Sun Valley Media Conference Photos: Mogulmania Day 3!

The Allen & Company retreat in Sun Valley wound down Friday, but not before we were able to catch glimpses of several moguls for the first time this year.

Familiar names like Jeff Zucker, Brad Grey, Jerry Yang, Jeffrey Katzenberg, Mike Ovitz, James Murdoch and Charlie Rose were all on display Friday, while wives like Diane von Furstenberg and Wendi Murdoch were snapped for the first time by the AP.




Below, check out the photos from the last day of the annual moguls’ retreat.

ManiaTV Founder Tries Bringing Studio Back From The Dead

You couldn’t ask for a more soap opera-inspired storyline. After infighting, layoffs and a failed fire sale attempt, digital content studio ManiaTV finally went belly up in March. But now founder Drew Massey is trying to resurrect it—albeit leaner, meaner and backed by far less venture capital. The NYT reports that Massey bought the ManiaTV brand and some of its old content back for a “small fraction” of the $26 million it had raised from investors since 2004.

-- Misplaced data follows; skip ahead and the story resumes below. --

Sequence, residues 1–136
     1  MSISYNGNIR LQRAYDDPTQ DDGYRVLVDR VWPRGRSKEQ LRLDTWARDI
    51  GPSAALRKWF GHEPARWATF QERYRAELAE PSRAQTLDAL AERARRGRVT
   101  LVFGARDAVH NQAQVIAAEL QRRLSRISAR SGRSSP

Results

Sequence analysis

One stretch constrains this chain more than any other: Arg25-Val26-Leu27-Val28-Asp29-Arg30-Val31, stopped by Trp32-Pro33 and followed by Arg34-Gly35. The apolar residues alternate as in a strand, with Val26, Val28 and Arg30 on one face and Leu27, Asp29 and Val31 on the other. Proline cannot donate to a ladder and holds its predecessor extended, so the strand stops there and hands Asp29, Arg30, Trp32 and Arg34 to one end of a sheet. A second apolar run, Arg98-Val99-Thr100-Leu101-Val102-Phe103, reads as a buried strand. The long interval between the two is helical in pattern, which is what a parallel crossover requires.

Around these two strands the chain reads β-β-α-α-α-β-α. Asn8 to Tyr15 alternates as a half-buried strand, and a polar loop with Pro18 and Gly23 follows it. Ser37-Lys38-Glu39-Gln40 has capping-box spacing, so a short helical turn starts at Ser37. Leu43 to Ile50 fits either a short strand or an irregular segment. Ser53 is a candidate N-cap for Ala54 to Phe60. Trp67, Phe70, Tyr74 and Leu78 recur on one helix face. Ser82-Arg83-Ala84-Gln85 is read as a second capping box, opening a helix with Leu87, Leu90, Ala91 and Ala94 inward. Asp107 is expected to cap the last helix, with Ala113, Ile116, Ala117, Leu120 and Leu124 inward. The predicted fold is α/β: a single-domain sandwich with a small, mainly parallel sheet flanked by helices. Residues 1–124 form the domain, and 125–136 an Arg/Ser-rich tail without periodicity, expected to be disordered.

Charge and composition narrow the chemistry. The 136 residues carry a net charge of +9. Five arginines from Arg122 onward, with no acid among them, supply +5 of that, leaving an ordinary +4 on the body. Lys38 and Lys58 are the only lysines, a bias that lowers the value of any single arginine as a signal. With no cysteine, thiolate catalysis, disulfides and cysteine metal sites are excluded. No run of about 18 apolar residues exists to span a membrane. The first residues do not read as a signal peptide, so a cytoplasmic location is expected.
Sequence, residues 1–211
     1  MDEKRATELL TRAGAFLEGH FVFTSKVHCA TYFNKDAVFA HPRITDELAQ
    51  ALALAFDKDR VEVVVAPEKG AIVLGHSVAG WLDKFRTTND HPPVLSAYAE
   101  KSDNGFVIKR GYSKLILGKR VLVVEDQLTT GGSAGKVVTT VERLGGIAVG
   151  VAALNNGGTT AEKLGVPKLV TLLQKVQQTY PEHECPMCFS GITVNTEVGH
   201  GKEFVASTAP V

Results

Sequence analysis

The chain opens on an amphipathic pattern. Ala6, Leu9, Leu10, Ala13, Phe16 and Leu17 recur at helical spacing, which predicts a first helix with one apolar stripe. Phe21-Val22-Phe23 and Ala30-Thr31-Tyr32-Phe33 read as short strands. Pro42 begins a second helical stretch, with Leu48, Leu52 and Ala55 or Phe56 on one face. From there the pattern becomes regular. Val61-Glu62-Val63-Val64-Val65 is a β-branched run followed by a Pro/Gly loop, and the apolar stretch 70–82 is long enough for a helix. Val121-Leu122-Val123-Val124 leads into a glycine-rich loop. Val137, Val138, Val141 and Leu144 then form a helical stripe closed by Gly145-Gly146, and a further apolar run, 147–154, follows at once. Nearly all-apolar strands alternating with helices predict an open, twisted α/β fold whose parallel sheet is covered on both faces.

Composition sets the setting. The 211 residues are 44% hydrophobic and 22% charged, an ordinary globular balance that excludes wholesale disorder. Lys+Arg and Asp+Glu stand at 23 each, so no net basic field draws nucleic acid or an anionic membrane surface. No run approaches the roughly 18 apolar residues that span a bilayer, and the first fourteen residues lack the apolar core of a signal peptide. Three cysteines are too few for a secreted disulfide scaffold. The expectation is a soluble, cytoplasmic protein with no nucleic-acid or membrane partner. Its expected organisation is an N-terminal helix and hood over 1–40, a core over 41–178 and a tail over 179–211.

The deal didn’t include the LA production studio ManiaTV relocated to last year, but Massey still plans to put out new series starting this fall—believing that he can fund production through small product placement deals and a “few million” in the bank. He tells the NYT that he will focus on “building a big branded business,” as opposed to the online video “platforms and networks” favored by ManiaTV’s previous backers (and most recent senior management).

Former CEO Peter Hoskins disagrees (what else would you expect, though?)—telling the NYT that the way Massey wanted to run things was “too expensive.” But Massey has managed to get the buy-in from some experienced media industry vets: Canoe Ventures CEO David Verklin and former NBC Entertainment exec Warran Littlefield, who have both joined ManiaTV’s board.